Music sharing service
will prevent users from sharing 6,500 copyrighted songs that the Recording Industry Association of America has said are being downloaded illegally by Napster users.
Napster’s decision has been made as it fights for its life in U.S. District Court this week. Judge Marilyn Hall Patel is considering modifications to an injunction that would essentially force the service to shut down. Patel was ordered by an appeals court to revist her original injunction placed against the service last July — a three judge panel
asked Judge Patel
to redraft her injunction to identify which copyrights are being violated by Napster.
Napster is now free of charge, but the company plans to put
a fee-based service
into operation this summer. Napster offered a settlement with record industry labels this past week that would have provided publishers and songwriters with a guaranteed revenue of US$1 billion over the next five years, but Napster’s offer was rejected.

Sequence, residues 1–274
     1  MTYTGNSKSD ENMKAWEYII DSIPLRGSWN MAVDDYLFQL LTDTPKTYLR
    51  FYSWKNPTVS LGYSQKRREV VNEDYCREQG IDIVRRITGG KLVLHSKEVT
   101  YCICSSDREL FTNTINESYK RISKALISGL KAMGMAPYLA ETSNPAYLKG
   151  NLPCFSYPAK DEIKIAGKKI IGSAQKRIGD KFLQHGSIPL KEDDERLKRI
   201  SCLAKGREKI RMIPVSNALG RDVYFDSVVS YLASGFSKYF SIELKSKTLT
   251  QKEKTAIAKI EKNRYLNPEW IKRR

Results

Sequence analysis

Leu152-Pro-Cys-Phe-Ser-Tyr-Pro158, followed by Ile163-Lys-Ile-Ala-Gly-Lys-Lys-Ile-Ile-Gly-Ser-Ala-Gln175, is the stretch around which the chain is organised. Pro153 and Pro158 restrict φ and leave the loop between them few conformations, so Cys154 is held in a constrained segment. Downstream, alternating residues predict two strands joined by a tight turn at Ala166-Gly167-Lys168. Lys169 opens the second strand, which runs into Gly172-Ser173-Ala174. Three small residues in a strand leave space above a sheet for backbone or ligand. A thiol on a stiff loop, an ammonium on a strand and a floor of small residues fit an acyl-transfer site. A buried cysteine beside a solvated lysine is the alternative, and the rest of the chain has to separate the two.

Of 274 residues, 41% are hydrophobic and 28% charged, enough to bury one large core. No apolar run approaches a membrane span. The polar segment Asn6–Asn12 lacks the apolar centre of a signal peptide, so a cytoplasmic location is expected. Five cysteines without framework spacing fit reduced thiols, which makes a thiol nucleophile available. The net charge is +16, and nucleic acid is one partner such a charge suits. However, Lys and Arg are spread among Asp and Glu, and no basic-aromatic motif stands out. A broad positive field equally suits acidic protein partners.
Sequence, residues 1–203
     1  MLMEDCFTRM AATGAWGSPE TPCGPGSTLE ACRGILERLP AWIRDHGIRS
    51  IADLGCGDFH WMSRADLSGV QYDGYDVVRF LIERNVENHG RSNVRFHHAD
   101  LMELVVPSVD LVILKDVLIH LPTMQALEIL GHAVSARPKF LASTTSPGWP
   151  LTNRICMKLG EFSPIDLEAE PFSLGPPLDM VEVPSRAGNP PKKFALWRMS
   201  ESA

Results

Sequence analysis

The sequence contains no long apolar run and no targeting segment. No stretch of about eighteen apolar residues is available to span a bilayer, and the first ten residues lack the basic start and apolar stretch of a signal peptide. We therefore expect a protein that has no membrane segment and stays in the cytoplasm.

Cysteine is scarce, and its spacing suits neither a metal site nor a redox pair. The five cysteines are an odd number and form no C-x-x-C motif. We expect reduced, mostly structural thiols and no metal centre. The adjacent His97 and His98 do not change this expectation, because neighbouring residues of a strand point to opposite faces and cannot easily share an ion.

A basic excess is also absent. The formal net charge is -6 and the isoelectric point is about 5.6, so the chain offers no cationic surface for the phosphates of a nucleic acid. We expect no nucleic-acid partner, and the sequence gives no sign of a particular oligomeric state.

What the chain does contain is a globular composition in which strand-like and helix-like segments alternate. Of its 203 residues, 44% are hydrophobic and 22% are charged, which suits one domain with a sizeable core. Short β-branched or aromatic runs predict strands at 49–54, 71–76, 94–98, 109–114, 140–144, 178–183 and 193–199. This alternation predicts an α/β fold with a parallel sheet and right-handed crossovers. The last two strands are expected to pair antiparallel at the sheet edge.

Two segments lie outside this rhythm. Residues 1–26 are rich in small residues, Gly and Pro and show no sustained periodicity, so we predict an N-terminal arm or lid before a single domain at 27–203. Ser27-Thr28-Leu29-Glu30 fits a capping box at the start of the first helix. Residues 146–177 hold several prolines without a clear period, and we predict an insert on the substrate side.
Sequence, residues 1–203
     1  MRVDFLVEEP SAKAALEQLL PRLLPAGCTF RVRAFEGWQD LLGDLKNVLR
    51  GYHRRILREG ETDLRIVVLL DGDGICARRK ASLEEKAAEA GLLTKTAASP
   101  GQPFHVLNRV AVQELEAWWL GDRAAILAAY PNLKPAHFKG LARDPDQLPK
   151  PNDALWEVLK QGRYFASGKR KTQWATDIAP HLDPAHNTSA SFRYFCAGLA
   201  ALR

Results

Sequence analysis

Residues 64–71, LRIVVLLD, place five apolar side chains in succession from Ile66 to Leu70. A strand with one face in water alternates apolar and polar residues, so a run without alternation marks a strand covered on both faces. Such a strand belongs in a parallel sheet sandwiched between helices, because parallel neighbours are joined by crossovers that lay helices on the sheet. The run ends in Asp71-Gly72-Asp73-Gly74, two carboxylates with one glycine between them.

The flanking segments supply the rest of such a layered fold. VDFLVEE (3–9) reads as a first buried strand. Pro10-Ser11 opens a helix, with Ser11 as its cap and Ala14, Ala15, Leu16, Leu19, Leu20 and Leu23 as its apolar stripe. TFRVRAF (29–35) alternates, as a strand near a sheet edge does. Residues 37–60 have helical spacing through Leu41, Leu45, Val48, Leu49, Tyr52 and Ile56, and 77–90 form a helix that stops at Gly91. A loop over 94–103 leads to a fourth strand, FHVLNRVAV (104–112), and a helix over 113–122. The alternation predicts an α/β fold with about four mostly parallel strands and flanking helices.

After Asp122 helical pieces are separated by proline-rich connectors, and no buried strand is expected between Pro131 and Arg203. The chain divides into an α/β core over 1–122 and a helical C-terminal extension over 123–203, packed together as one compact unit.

Napster CEO Hank Barry said that if the record publishers get their way, Napster will be shut down for good.
“We proposed a workable injunction that follows the 9th Circuit ruling and keeps the Napster community together while we are working to settle this case and transition to our new membership-based service,” said Barry.
“… We are working hard and fast to implement our new service. Napster, in alliance with Bertelsmann’s eCommerce Group, TVT, edel and many other independent labels and artists, has been working for months to put in place a new membership-based service that has a solid business model and secure technology,” said Barry. “We will continue to press forward in our effort to reach agreement with the other major recording companies, whether they accept our offer of $1 billion over the next five years or a payment model to be negotiated among the parties. We believe that this matter could and should be successfully resolved by the mediator appointed by Judge Patel.”